David Flagel Concurrent Assistant Professional Specialist

Cascading effects of mammalian consumers
David Flagel

Research Interests:

My research focuses on the cascading effects of mammalian consumers, specifically how overabundant herbivores and mesopredators (mid-sized predators) affect community structure and biodiversity in forest ecosystems. Humans have eliminated large top predators from much of the world, and in their absence ungulates have become important drivers in the reduction of biodiversity and plant cover through sustained and intensified selective foraging. The loss of top predators has also released several mesopredators from top-down regulation, which has lowered the abundance and biodiversity of small prey species. I am also particularly interested in the use of healthy top predator populations as management tools for mitigating and/or reversing these abundance and biodiversity losses through the generation of trophic cascades. Much of this work is ongoing as part of a long-term research study at UNDERC-East, and I am looking to expand this work to UNDERC-West.



  • Assistant Director of UNDERC-West 2015-Present
  • Visiting Assistant Professor of Biology and Environmental Science, Antioch College, Yellow Springs, OH 2014–2015
  • Ph.D., Biological Sciences, University of Notre Dame 2014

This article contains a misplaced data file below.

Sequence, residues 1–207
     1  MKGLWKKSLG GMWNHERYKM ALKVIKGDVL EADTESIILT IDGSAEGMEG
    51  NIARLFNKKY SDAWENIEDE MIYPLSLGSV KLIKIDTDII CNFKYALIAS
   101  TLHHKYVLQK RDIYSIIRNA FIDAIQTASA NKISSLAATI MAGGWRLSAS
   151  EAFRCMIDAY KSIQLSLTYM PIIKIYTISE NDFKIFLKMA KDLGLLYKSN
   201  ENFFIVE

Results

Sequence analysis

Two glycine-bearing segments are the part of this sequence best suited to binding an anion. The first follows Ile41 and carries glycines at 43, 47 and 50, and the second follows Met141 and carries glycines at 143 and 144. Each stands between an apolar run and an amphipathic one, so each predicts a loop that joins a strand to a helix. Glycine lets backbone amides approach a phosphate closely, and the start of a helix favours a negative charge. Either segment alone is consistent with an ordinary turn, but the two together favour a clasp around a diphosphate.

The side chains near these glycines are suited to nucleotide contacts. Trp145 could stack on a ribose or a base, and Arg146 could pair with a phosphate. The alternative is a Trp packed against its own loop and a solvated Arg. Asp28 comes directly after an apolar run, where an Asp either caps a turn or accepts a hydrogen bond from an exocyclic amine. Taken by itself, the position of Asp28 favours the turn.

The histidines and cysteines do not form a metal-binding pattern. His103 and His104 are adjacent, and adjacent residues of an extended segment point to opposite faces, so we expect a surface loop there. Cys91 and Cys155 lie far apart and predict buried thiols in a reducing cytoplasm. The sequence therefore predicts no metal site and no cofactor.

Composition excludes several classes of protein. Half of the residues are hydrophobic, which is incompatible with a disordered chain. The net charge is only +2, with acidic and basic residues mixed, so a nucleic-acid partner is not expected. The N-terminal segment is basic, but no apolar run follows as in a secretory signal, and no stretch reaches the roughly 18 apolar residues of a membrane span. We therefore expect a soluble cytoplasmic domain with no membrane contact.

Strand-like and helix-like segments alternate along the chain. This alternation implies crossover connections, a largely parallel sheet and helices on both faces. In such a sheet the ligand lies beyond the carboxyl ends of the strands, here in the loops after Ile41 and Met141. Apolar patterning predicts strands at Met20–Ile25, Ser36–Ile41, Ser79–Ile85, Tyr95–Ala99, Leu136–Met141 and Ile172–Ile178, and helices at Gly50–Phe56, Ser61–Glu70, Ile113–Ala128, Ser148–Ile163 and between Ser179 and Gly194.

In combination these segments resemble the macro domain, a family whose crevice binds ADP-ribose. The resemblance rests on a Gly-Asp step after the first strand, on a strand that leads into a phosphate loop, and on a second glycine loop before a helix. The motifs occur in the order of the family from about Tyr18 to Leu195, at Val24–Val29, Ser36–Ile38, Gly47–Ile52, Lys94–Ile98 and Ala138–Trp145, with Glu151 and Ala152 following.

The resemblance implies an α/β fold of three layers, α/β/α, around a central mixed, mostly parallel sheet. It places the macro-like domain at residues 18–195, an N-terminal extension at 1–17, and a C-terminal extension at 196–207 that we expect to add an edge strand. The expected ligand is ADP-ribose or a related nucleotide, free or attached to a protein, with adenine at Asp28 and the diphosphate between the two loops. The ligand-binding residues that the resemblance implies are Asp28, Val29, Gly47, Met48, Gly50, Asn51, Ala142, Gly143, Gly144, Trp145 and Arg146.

• B.S., Biology w/ Emphasis on Ecology and Organismal Studies, University of Wisconsin-Oshkosh 2008


Recent Papers:

  • Flagel, D.G., G.E. Belovsky, and D.E. Beyer, Jr. (accepted by Oecologia) Natural and experimental tests of trophic cascades: Gray wolves and white-tailed deer in a Great Lakes forest.
  • Flagel, D.G., G.E. Belovsky, M.J. Cramer, D.E. Beyer, Jr., and K.E. Robertson. (submitting) Fear and loathing in a Great Lakes forest: Cascading effects of wolf vs. coyote competition.
  • Flagel, D.G., G.E. Belovsky, and W.E. West. (resubmitting) Digging further into wolf-deer interactions: Food web effects on ecosystem processes in a northern mesic forest.
  • Flagel, D., G.H. Adler, and T.D. Lambert. 2009. Influence of seed height on removal rates by rodents in central Panama. Mammalia 73:76-77.